Bush’s international peace conference: A conspiracy against the Palestinian people

By Jean Shaoul
27 July 2007

President Bush’s July 16 announcement that he will relaunch the Middle East peace process with an international conference in New York is an attempt to use the puppet regime of Mahmoud Abbas to rubber-stamp an agreement that leaves the Palestinian masses with nothing.

Washington calculates that the Arab regimes will not only endorse a settlement that traps the Palestinian people in militarised and impoverished ghettos in parts of the West Bank and the Gaza Strip, but will join Egypt and Jordan in finally recognising Israel.

The heaviest price for any agreement will be paid in Gaza, where the Hamas government deposed by Abbas’s Fatah in a Western-backed constitutional coup is targeted for destruction.

The proposed conference is a unilateral assertion of US policy, which Washington announced independently of the other members of the Middle East Quartet—the European Union, the United Nations and Russia. It will be chaired by Secretary of State Condoleezza Rice.

Bush framed his announcement as an ultimatum, stating that attendance will be limited to those that back the creation of a Palestinian state, reject violence and recognise Israel. Describing the conference as a “moment of choice,” he warned that support for Hamas would be a victory for its “foreign sponsors” in Syria and Iran that “would crush the possibility of a Palestinian state.”

The US president described Hamas’ takeover in Gaza as a “violent and lawless” betrayal and threatened Hamas, declaring, “You must stop Gaza from being a safe haven for attacks against Israel. You must accept the legitimate Palestinian government, allow aid to Gaza, disarm militias, and recognise Israel.”

He also insisted that Abbas arrest militants and end corruption before talks could begin, and told Arab nations to end “the fiction that Israel does not exist,” curb anti-Israel rhetoric in their media, and send cabinet-level officials to the Jewish state.

In contrast, Bush declared that Israelis “should be confident that the United States would never abandon its commitment to the security of Israel as a Jewish state and homeland for Jewish people.” He followed this with a perfunctory appeal to Tel Aviv that “unauthorised outposts should be removed and settlement expansion ended.” There was no call for a rollback of the vast majority of Israeli settlements.

The announcement was followed by phone calls by Bush to Saudi Arabia, Jordan, and Egypt to seek their backing for the initiative.

Bush offered $190 million in financial support to Abbas’s regime in the West Bank, together with $80 million specifically to help Abbas reform his security services. This is aimed at enabling Fatah to wage war on Hamas. US officials said the money was being shifted from Gaza, starving its people.

Israel welcomed the talks, but immediately announced that the three core issues of borders, the Palestinian refugees’ right of return, and Jerusalem were not on the table.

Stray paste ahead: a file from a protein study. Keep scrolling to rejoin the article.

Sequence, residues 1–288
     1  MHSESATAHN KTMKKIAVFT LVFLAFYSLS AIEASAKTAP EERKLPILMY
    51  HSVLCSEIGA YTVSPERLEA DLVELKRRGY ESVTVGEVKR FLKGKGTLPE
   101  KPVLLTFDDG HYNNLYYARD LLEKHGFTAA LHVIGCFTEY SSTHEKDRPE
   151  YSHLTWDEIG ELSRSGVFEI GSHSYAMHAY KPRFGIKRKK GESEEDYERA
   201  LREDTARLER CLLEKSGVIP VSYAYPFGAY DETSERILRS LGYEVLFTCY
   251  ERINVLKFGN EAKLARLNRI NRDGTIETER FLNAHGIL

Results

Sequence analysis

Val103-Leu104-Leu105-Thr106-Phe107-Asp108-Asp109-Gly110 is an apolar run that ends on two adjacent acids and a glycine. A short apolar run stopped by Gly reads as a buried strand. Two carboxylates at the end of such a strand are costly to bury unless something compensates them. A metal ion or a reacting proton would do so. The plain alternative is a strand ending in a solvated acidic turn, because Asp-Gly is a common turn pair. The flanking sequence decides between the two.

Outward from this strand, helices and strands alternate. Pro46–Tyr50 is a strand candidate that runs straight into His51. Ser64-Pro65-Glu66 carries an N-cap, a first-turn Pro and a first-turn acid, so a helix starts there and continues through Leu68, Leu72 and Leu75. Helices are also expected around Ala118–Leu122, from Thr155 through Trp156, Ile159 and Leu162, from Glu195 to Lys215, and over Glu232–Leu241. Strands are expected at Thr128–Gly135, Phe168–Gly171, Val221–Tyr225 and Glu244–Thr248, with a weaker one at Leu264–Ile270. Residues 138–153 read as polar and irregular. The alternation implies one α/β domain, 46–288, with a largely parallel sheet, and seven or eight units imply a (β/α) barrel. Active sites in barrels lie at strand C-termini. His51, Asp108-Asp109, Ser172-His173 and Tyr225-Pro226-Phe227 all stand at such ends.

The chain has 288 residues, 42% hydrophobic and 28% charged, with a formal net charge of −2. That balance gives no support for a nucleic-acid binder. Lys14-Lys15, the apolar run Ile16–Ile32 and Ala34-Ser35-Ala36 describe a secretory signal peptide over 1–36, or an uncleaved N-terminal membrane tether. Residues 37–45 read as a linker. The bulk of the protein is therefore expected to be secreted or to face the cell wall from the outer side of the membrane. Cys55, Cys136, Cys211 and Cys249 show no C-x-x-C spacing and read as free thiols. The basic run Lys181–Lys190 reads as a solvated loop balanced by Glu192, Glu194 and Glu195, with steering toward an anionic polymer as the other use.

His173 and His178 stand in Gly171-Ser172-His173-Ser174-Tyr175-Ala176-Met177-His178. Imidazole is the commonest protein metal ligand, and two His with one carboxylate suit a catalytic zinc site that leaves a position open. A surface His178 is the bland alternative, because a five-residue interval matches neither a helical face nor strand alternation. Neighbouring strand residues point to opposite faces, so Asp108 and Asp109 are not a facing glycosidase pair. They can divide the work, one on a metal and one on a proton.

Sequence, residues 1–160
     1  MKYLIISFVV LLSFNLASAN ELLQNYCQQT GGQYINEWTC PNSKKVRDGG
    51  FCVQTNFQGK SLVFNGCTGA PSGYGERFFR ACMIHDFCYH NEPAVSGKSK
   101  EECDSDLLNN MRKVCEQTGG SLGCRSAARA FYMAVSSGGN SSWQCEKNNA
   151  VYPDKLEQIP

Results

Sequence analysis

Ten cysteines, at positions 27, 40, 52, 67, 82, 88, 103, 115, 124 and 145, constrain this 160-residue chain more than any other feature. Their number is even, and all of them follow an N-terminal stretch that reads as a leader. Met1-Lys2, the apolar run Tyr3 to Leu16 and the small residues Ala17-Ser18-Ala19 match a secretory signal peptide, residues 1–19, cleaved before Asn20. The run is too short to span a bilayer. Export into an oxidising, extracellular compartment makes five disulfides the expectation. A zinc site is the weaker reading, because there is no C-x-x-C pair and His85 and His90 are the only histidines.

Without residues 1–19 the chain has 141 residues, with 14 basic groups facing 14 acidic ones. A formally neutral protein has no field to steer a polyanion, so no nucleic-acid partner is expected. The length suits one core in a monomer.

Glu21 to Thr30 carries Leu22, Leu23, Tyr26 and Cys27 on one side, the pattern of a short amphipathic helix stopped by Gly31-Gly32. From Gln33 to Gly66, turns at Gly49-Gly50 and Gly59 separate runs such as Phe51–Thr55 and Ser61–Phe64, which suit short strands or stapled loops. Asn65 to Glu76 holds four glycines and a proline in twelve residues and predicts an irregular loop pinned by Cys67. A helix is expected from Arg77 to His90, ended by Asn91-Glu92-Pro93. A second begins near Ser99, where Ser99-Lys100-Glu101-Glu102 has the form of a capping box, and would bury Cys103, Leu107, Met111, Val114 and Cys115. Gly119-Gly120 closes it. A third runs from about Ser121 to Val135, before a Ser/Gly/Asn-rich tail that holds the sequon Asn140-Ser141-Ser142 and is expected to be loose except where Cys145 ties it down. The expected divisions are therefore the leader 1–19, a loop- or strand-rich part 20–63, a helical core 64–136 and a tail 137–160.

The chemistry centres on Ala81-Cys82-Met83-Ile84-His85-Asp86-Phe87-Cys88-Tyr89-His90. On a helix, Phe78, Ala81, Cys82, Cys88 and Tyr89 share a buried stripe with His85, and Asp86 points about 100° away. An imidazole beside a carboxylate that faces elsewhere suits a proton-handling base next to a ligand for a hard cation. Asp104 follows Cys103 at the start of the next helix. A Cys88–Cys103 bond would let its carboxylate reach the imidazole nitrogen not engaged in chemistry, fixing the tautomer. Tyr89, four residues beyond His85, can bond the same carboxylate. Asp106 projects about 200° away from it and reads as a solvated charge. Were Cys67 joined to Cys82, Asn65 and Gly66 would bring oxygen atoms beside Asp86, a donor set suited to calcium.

Abbas has said that he hoped to reach a “comprehensive peace with the Israelis within a year or even less than that,” i.e., before Bush leaves office. “I heard this with my own ears from the president himself and from Secretary of State Rice,” he added.

Sami Abu Zuhri, a Hamas spokesman, rejected Bush’s conference, calling it “a new crusade by Bush against the Palestinian people.”

Bush’s chosen peace envoy, former British Prime Minister Tony Blair, was dispatched this week to hold two days of talks with Abbas and the Israeli government of Ehud Olmert. Israeli President Shimon Peres was full of praise for Blair. “I can’t think of a better man,” he said, adding, “We have music in the Middle East, we have orchestras in the Middle East, we need a good conductor and I think Tony can become a good conductor.”

Blair’s credentials as a peace envoy are based on his readiness to follow Bush’s instructions to the letter. James Wolfensohn, the former World Bank president and special envoy who resigned in 2006, recently told Ha’aretz, “There was never a desire on the part of the Americans to give up control of the negotiations, and I would doubt that in the eyes of ... the State Department team, I was ever anything but a nuisance.

“The basic problem was that I didn’t have the authority. The Quartet had the authority, and within the Quartet it was the Americans who had the authority.”

Jordan, Egypt and Saudi Arabia all welcomed Bush’s proposals, although Saudi Arabia politely declined to attend.

Jordanian Foreign Minister Abdul Ilah Khatib and his Egyptian counterpart, Ahmed Aboul Gheit, made an unprecedented visit to Israel on July 25, as emissaries of the Arab League. They relayed the text of an Arab land-for-peace initiative to Olmert, Foreign Minister Tzipi Livni and other cabinet ministers and Knesset members, offering, Gheit said, “security, recognition and acceptance in this region which Israel has long aspired to.”